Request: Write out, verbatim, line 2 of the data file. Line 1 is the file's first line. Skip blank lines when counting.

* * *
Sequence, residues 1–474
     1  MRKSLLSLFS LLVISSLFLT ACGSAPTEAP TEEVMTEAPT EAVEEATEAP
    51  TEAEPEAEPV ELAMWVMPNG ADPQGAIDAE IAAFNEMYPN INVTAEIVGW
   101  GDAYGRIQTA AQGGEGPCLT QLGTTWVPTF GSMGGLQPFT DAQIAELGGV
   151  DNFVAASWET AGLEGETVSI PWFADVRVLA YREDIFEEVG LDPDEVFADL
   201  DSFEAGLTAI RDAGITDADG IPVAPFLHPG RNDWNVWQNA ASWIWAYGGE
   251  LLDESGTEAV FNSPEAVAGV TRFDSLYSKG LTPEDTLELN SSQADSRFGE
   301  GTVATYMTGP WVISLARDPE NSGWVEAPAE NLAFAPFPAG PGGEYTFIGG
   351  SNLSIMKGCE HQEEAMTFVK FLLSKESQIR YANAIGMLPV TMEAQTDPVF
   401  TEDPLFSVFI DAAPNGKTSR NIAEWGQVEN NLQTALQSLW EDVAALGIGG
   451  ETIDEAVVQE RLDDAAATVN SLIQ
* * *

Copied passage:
     1  MRKSLLSLFS LLVISSLFLT ACGSAPTEAP TEEVMTEAPT EAVEEATEAP